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The truth about the EU’s free movement obsession


‘WITHOUT the free movement of people, you cannot have the free movement of capital, goods and services,’ says the new European President, Ursula von der Leyen, in reference to Brexit. What extraordinary ignorance of economics and trade! The whole purpose of the free movement of goods, services and capital is to make the (often forced, culturally alienating and high cost) movement of people unnecessary.

Of course the main aim of the EU has never been free trade and prosperity but the imperial ambition of a single ‘country called Europe’. In such an end state the more upheaval and movement of national populations, the less homogeneous the states, the less valid their governments, the better it is for the credibility of the conquering Superstate.

If von der Leyen had been honest about EU aims she would have said: ‘We will not let you trade freely with us, with free movement of capital to our mutual advantage and free trade in goods and services unless you remove your borders and let free movement bring about the end of the nation states and their peoples and create the single people of a United States of Europe.’

Imagine her saying that to over a billion Chinese in her trade negotiations with that country. Of course ironically it is only China which demands similar kow-towing from trade partners who are bound by regulation and find they lose their technologies to Chinese ‘partners’. No one else does. China is a totalitarian state. The EU daily proves it has much in common with China.

When the Eastern European countries escaped the clutches of the Soviet Union the EU would not trade freely with them as nation states. They demanded complete economic and constitutional subservience to the EU and its regulations as the cost of trade. Now that the UK is leaving they are taking the same arrogant, imperialist stance.


As I pointed out in detail in the introduction to and articles on the Freenations website, the essence of democracy is the cohesion of a population – homogeneous enough to allow majorities to win elections without minorities rejecting the Government and the nation itself.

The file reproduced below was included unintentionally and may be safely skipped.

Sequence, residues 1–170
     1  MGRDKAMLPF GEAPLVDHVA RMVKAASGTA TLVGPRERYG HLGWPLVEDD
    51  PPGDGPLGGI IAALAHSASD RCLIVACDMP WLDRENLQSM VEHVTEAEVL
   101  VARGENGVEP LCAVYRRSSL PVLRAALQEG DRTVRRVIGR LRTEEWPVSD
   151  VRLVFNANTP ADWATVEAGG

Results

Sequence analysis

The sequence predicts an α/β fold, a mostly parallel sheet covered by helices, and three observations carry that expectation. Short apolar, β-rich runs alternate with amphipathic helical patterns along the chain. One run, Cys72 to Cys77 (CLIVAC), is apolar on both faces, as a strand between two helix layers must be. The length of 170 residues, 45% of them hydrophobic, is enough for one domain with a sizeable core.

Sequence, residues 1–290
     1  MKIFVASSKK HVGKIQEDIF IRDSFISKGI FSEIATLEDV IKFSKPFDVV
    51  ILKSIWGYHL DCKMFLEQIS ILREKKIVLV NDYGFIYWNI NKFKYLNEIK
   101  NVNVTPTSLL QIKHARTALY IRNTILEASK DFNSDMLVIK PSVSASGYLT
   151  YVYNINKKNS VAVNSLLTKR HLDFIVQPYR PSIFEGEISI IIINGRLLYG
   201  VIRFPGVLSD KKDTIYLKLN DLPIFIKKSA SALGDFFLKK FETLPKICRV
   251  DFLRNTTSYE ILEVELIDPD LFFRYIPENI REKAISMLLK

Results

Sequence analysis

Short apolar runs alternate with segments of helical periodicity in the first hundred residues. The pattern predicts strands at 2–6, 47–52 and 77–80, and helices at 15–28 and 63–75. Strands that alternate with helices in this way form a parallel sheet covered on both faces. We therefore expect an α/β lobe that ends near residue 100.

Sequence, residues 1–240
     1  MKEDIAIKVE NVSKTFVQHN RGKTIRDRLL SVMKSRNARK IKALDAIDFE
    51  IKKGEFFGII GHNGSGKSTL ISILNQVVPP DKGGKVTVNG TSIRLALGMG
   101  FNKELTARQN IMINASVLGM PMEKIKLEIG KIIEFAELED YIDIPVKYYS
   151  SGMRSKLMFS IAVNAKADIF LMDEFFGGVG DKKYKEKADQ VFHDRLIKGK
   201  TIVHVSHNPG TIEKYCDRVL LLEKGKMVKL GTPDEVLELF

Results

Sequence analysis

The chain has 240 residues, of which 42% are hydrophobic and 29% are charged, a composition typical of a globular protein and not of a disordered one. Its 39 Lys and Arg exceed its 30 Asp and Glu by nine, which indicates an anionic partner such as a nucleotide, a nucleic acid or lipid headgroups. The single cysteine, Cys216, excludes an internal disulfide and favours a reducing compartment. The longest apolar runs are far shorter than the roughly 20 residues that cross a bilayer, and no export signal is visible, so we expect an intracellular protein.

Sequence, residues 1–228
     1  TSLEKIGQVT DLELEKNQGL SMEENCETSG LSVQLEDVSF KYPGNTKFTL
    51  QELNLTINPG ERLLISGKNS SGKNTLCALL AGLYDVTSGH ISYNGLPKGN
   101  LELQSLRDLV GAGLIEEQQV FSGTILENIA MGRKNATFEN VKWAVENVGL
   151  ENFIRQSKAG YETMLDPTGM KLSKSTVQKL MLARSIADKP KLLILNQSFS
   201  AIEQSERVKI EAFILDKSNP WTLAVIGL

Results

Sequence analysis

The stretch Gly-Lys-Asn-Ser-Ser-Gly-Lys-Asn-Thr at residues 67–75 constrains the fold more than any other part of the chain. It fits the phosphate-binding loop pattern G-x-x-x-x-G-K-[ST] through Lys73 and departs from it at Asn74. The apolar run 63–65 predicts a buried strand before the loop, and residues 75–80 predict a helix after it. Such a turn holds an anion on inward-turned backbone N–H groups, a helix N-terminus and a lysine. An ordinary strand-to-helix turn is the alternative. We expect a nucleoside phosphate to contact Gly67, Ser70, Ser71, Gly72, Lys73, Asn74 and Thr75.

Those individual nation states cannot exist as democracies nor can they achieve prosperity from trade if their elected governments are compromised by foreign power, their economies restricted by bureaucratic control and their populations either drained to other states or taken over by mass immigrations.

At a London cocktail party some 27 years ago I explained to the then Foreign Secretary Douglas Hurd that the greatest advantage of free trade and the movement of capital across borders was to stop the culturally alienating, nation-compromising and wasteful forced movement of people.

Hurd replied: ‘I had not thought of it like that’, and in that he certainly personified the confusion of the entire British political class in their dealings with the European Union over the last 47 years.

The litmus test for David Cameron’s euro-federalism was his fatuous statement in the German equivalent of the Sun newspaper: ‘Like Germany, Britain believes in the principle of free movement of workers.’ That was bad enough but that is not what the EU stood for. They insisted on the free movement of people – whether they had a job or not – just as they might move within any nation state.

The deliberate and ruthless pursuit of this policy is personified by the former EU Commissioner and former head of the Global Forum on Migration and Development, the late Sir Peter Sutherland: ‘We still nurse a sense of our national homogeneity, and that’s precisely what the European Union should be doing its best to undermine.’


The result of decades of this EU manipulation of national populations is that ten member states saw falling populations in 2018, with the biggest declines recorded in Latvia, Bulgaria, Croatia, Romania, Lithuania, Italy, Greece and Portugal, according to Eurostat. Whole towns and villages in Eastern Europe have been devastated as their young flee to Western Europe and the UK. Although the EU as a whole saw a small rise in population, that was all due to mass immigration from the Middle East and Africa. EU states are nevertheless at the top of the list for population declines by 2050, according to the UN. This is one of the many reasons why Europe will see pathetic economic growth over future decades (and therefore the UK will benefit from non-EU trade).